. . . if M$ lose enough users to Linux then they might start thinking about getting their act together and treating their users better.
Every version of Windows 10 except Home, which is not aimed at a user demographic that can reasonably be expected to have any system administration skills for the most part, has controls one can use to defer Windows Updates, and for very lengthy periods of time. With Enterprise and Educational updates are handled pretty much like they always were, being run through the powers that be and having them then pushed out to machines, if that's what the powers that be want.
I have been in the tech support business for home users for many, many years now and almost to a person when there's a major system crash and burn it's the result of one of two things:
1. Stupid behavior such as "panic clicking" when pop-ups appear saying things like, "Your machine is infected with X viruses, click to clean," not coming from the installed antivirus or security suite.
2. Having created a vulnerable system by not installing updates.
On the whole, the Windows as a Service delivery model is a godsend in terms of keeping home user's systems both patched for vulnerabilities and up-to-date otherwise. It's not "treating their users badly," but setting things up in a way that makes abundant sense for the demographic that's the target for Windows 10 Home.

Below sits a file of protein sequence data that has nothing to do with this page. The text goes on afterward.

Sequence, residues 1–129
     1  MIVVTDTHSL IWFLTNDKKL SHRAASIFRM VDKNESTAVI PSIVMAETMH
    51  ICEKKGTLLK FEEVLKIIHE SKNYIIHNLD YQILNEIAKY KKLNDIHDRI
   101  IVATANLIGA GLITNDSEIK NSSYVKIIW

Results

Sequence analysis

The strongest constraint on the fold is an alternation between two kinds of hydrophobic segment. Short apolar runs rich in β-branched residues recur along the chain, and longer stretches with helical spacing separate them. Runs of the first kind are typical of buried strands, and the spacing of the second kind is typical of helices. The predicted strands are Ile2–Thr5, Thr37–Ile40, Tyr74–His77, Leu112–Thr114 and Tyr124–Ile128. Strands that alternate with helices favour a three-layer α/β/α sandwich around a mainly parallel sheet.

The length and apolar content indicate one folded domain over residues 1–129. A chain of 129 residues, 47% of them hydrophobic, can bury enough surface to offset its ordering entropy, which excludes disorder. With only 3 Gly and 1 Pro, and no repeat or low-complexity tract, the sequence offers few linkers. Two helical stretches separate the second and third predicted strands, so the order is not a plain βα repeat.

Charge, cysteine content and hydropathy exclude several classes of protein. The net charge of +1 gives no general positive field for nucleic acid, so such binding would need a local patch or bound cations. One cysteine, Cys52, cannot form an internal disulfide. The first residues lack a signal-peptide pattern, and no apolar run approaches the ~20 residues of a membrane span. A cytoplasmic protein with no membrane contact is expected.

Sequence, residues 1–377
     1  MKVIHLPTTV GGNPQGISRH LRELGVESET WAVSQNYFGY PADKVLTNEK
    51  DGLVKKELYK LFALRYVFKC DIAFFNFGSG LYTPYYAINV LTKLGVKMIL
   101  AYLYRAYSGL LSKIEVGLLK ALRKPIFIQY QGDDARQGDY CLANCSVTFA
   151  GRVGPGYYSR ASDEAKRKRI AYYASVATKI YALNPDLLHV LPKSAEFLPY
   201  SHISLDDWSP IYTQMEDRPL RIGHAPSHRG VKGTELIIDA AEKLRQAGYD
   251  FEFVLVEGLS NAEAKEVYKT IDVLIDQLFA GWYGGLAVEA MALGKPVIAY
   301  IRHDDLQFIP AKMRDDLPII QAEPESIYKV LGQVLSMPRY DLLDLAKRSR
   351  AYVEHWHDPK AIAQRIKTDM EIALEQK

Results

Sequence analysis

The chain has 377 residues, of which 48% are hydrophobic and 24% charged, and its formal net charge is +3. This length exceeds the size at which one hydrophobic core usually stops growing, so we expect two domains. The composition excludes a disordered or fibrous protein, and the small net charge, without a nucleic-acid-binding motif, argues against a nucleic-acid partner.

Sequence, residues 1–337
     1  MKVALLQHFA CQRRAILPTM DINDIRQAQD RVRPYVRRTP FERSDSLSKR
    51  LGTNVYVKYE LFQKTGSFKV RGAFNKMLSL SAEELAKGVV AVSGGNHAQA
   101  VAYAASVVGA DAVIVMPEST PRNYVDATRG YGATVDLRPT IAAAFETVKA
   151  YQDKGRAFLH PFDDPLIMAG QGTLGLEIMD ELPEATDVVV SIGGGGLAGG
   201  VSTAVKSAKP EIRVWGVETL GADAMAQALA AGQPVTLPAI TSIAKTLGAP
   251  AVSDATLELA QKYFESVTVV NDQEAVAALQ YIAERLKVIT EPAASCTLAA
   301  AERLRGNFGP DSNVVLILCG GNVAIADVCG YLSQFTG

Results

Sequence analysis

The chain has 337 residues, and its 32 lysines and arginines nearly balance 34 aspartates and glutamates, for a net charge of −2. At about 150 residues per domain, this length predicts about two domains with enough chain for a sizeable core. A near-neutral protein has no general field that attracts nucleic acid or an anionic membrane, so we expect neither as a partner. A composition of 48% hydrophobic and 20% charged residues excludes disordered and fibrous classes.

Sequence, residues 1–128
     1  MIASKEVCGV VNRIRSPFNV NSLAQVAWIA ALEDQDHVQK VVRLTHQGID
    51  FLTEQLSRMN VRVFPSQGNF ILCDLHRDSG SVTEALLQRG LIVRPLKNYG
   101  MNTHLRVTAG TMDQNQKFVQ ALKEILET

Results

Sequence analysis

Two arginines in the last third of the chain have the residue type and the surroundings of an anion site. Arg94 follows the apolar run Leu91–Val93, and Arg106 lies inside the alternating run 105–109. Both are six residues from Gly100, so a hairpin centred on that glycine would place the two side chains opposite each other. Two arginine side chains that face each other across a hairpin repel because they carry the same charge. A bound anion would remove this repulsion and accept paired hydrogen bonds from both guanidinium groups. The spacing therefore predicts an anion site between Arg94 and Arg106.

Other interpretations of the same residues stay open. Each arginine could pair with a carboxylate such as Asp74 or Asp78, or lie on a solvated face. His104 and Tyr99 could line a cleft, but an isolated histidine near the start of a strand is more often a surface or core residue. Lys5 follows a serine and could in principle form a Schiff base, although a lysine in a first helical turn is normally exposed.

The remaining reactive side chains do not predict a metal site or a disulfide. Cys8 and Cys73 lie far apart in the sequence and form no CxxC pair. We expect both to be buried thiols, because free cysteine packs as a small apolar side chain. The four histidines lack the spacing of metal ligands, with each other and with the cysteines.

We that post on "the answering side" on Bleeping Computer are not, in any way, representative of "your average Windows user" and never have been, and that includes "your average Windows user" for every edition of Windows.
Edited by britechguy, 28 May 2018 - 05:46 PM.
Brian AKA Bri the Tech Guy (website in my user profile) - Windows 10 Home, 64-Bit, Version 1809, Build 17763
Travel is fatal to prejudice, bigotry, and narrow-mindedness, and many of our people need it sorely on these accounts. Broad, wholesome, charitable views of men and things cannot be acquired by vegetating in one little corner of the earth all one's lifetime.
~ Mark Twain